Forensic Psychology Books

The History of Forensic Psychology Through Books and Journals

Forensic psychology has been gaining popularity over the past 30 years. The majority of the books and journals about forensic psychology are informational in nature. The Silence of the Lambs by Thomas Harris was a vastly different approach to forensic psychology and a widely popular thriller novel.


1985: American Journal of Forensic Psychology was founded:

This journal publishes articles and papers that are thought provoking and important to the development of forensic psychology.

The journal publishes articles on relevant topics such as witness credibility. For example, in 2007 an article by Colwell et. al focused its attention on how when interviewing someone it can be possible to tell true statements from those that aim to deceive. This is a pressing issue in the field of forensic psychology and much more research needs to be done before the problem is completely solved.

1988: The Silence of the Lambs by Thomas Harris

“The Silence of the Lambs” is a thriller that chronicles the journey of Clarice Starling, FBI agent, as she tracks down a serial killer named Buffalo Bill. She works for the division of the FBI that does psychological profiles of serial killers. In order to find the killer she seeks she must interview another one. Hannibal Lecter appeared in a previous book by Thomas Harris and continues his role as a cannibalistic serial killer and forensic psychiatrist. To read about the movie based on this book click here.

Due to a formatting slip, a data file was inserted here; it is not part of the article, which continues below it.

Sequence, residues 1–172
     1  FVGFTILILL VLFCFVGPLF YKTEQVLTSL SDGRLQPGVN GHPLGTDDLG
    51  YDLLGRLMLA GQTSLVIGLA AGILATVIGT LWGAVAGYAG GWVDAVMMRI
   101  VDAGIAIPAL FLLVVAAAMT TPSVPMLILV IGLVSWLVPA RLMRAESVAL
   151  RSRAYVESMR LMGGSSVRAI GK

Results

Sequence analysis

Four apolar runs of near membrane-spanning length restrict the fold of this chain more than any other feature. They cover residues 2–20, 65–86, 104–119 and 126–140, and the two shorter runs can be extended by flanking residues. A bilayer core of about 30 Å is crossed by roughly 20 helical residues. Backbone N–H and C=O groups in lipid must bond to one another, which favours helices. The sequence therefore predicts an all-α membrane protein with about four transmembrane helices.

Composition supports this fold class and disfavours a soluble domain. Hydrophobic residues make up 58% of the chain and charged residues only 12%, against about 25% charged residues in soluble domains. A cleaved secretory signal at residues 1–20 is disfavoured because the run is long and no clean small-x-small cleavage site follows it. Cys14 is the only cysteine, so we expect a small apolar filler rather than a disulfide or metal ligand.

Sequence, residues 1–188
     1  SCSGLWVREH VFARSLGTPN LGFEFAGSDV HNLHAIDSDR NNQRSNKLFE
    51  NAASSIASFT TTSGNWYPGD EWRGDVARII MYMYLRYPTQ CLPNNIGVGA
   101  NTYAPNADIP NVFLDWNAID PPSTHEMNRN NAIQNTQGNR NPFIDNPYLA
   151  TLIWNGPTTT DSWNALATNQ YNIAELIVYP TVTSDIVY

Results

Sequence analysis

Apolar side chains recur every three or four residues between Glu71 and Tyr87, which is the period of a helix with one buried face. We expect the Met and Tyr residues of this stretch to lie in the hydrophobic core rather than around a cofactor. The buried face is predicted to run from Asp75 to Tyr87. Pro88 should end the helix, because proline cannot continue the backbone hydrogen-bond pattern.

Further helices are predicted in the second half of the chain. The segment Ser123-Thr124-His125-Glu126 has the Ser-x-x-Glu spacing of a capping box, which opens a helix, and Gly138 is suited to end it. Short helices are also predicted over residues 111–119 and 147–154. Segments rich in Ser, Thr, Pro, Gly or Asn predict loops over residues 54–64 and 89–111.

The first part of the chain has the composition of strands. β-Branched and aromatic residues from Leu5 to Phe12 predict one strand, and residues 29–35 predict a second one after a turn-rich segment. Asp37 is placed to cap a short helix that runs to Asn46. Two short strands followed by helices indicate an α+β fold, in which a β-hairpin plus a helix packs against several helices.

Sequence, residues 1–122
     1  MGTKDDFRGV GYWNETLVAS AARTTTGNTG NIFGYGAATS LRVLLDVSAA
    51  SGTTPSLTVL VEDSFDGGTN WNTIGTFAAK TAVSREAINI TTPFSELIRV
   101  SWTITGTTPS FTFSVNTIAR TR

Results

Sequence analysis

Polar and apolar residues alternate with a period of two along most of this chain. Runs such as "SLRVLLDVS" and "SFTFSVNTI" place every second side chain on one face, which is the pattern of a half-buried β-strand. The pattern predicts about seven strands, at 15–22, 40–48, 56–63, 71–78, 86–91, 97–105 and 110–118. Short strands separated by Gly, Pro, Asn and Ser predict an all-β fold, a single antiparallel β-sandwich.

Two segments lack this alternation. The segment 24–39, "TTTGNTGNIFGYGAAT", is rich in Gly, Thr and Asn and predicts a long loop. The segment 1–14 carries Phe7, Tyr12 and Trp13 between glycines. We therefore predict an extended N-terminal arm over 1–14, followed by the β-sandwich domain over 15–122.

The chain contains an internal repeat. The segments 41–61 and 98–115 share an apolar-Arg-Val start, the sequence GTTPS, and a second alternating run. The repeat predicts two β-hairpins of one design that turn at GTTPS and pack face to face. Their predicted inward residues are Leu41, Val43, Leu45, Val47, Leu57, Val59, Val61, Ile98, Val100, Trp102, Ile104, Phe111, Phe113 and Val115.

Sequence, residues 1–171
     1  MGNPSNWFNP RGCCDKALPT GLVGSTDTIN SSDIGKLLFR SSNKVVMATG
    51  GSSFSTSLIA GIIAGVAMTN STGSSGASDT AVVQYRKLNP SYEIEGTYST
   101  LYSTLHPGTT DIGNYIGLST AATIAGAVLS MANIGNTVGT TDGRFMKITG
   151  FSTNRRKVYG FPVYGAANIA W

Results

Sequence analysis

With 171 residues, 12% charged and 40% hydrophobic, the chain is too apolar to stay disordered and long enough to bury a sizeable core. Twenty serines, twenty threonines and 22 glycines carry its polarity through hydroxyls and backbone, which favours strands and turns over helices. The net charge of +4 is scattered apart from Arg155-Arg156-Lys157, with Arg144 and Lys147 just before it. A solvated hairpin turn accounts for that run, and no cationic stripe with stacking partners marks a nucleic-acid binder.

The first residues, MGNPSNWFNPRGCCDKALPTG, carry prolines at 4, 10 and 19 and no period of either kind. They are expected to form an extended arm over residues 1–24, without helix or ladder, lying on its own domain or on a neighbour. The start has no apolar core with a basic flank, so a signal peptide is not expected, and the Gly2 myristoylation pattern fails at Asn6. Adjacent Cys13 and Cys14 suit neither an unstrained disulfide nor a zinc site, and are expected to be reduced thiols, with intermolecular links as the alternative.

1999:”The Psychology of Interrogations and Confessions” by Gisli Gudjonsson

This handbook on confessions begins with an overview of the most commonly used tactics of interrogation and explanations for why suspects admit to committing crimes. Also examined are the forces such as suggestibility that make a suspect more likely to admit to committing a crime. This book is directly related to the jobs of police officers and social workers.

American Journal of Forensic Psychology. Retrieved from

Gisli Gudjonsson. (1999). The Psychology of Interrogations and Confessions (picture). Retrieved from

Thomas Harris The Official Website. The Silence of the Lambs. Retrieved from

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